"I think that China is actually much easier to deal with than the opposition party," the president said Thursday morning.
The Democratic and Republican leadership got nowhere in Wednesday's meeting on border wall funding and the ongoing government shutdown. Trump refused further discussions with House Speaker Nancy Pelosi (D-CA) and Senate Minority Leader Chuck Schumer (D-NY) after the duo told him they still would not approve $5 billion for the border wall in their Situation Room meeting. "Bye-bye," Trump recalled telling the Democrats in a tweet.
"He thinks maybe they could just ask their father for more money," Pelosi said of federal workers who will miss paychecks during the shutdown, referring to Trump's silver-spoon upbringing. "But they can't."
The partial shutdown entered day 20 Thursday. On Friday, a substantial share of the federal workforce will not receive paychecks as a result of the shutdown — which, on a technical level, has resulted from Congress not passing an appropriations bill the White House is willing to sign.
In budgetary terms, the $5.7 billion sum Trump seeks is a miniscule fraction of the $1.4 trillion that's been allocated to the Department of Defense over the past two years.
In the first three months of the 2019 fiscal year, which started October 1, 2018, federal spending exceeded revenue by $317 billion, the Congressional Budget Office reported Tuesday.
If Democrats refuse to make a deal, Trump has said he might declare a national emergency to invoke special executive privileges, allowing him to fund and build the wall without Congress' approval.
While such a political stroke might seem uniquely Trumpian, American presidents do it all the time. There are 31 active national emergencies currently in effect, some of which date back to 1979, according to Time magazine.
The National Emergencies Act allows for presidents to declare national emergencies as long as they appeal to laws that are already on the books and tell Congress which powers are being used. According to the Brennan Center for Justice, there are 136 laws on the books with special powers Trump could validly access after declaring an emergency.
Under the National Emergencies Act, ongoing emergencies include blocking Iranian government property (1979); proliferation of weapons of mass destruction (1994); prohibiting transactions with terrorists who disrupt the Middle East peace process (1995); prohibiting certain transactions concerning Iranian petroleum (1995); prohibition of transactions with significant narcotics traffickers (1995); and more.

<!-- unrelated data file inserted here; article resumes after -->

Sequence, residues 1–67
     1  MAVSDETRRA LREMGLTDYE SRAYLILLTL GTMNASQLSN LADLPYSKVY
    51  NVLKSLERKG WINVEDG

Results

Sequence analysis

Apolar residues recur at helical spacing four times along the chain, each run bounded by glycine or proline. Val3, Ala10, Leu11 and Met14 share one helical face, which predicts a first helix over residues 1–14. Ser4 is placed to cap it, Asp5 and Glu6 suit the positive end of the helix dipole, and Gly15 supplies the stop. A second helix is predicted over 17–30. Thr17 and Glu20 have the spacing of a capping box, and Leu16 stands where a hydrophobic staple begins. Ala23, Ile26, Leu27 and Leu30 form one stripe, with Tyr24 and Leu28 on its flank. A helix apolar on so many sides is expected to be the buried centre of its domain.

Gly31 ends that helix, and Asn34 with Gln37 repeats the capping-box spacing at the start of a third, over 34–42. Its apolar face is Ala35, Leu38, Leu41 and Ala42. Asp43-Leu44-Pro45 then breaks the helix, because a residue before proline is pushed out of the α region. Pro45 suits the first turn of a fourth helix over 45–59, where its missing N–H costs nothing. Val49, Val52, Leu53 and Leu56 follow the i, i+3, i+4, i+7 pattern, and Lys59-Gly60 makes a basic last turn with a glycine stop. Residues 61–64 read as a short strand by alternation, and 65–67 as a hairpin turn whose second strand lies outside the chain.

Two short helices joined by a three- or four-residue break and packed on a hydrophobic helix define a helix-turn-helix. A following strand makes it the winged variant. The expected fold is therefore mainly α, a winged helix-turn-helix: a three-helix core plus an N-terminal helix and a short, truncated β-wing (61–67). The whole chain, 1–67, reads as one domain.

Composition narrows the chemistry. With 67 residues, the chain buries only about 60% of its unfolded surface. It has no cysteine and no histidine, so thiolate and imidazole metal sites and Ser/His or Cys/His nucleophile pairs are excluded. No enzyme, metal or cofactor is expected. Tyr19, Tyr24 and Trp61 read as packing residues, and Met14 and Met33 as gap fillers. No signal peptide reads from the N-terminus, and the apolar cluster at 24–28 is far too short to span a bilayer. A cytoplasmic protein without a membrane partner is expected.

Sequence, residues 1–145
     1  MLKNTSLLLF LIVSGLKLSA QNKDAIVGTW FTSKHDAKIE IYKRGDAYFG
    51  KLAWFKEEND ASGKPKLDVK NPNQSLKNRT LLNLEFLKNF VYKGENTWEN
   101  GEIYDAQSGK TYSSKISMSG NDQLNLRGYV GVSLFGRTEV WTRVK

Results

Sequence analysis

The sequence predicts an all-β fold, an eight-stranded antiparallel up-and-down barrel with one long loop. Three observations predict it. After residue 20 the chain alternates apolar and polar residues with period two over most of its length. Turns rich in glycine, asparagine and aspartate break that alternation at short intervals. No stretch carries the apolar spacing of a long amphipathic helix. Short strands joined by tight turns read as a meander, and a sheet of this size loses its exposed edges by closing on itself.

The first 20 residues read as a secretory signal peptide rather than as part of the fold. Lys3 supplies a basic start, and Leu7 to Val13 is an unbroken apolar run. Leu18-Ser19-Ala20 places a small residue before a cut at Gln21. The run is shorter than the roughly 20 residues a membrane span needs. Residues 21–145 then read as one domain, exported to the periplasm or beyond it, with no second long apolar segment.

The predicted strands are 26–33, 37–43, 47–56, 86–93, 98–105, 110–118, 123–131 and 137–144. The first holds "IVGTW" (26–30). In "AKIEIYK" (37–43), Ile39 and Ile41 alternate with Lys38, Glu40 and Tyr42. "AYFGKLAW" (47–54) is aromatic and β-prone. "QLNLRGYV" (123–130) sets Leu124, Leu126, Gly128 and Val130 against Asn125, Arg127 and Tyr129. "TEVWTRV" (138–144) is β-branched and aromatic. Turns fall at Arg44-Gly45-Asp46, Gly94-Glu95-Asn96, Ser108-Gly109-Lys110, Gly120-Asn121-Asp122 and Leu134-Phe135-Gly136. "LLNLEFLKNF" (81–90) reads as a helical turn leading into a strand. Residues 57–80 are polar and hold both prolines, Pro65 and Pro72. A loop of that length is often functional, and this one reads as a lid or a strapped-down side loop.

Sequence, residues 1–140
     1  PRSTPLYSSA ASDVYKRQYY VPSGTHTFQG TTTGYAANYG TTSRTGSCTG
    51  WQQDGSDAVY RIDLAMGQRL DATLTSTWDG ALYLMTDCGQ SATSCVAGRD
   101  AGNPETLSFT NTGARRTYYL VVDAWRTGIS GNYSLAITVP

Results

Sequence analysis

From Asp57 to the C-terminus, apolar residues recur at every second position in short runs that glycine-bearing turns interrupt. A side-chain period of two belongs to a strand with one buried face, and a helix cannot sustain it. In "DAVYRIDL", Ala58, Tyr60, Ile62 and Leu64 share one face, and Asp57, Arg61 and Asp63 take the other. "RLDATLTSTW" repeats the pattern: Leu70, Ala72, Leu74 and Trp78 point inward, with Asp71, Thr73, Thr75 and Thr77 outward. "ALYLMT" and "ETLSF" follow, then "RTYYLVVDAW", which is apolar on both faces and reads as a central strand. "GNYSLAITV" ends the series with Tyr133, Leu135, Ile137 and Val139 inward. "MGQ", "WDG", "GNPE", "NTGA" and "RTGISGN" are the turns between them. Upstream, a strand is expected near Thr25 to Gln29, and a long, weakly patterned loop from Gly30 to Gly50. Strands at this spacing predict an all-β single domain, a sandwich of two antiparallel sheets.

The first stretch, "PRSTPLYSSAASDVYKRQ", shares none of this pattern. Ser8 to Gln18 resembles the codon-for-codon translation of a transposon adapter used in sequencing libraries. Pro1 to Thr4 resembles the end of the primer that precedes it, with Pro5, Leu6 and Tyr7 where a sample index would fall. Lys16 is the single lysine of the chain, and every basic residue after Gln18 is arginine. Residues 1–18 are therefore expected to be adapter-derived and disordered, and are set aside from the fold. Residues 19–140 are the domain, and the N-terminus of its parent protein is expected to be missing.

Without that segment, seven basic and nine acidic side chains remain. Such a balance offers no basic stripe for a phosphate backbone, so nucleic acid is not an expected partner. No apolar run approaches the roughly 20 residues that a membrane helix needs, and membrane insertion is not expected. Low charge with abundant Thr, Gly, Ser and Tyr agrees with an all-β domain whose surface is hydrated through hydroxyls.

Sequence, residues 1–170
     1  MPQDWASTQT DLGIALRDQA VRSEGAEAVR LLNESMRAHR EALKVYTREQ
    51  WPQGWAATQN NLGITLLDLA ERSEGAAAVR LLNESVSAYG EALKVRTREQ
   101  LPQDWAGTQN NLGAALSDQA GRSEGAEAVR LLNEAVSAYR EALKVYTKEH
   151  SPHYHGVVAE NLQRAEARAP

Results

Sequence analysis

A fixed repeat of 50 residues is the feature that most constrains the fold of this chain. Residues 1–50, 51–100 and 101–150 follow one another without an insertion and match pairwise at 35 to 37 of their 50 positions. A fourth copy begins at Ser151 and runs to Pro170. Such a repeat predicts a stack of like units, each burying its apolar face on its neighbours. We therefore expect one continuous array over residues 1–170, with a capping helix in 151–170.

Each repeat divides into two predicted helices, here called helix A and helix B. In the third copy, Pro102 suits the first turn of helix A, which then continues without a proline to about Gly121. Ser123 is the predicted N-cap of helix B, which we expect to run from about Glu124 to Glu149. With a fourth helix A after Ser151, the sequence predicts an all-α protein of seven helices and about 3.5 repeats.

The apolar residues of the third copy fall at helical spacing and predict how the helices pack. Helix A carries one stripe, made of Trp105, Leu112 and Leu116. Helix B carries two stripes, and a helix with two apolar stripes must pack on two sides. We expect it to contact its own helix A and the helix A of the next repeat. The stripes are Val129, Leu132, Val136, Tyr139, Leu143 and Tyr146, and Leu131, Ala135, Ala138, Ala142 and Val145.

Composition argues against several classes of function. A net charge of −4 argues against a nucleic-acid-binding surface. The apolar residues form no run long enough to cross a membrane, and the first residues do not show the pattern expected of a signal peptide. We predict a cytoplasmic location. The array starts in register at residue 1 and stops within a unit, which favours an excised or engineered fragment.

Trump's declared three new national emergencies so far during his presidency: blocking the property of persons involved in serious human rights abuse or corruption; blocking the property of certain persons contributing to the situation in Nicaragua, and imposing certain sanctions in the event of foreign interference in a United States election.
According to the Federal Register, Trump's given his signature to executive orders continuing the national emergencies with respect to the Democratic Republic of the Congo, Sudan, Iran, Burundi, North Korea, the Western Balkans, the stabilization of Iraq, Yemen, the Central African Republic, Syria, Somalia, South Sudan, Ukraine, Zimbabwe, Venezuela, Lebanon, Libya and narcotics traffickers in Colombia.
Former presidents Barack Obama and George W. Bush declared 13 and 12 such emergencies, respectively, according to a CNN report citing the Congressional Research Service and the Federal Register. If Democrats wait too long and Trump declares a national emergency, the wall could get some modest funding through executive sources, and House Democrats would lose the "see-through steel border" as a bargaining chip.
"It could be that by putting together a lot of different sources of emergency authority, the president could tap a lot of different funds and at least start," Princeton University professor Kim Lane Scheppele told Vox.
According to the Washington Post, 93 freshmen legislators are voluntarily refusing or donating their $174,000 salaries until the government reopens. Staff members for top House leaders including Pelosi, Majority Leader Steny Hoyer (D-MD), Minority Leader Kevin McCarthy (R-CA) and Minority Whip Steve Scalise (R-LA) did not reply to inquiries concerning plans to forego their pay, the Post noted.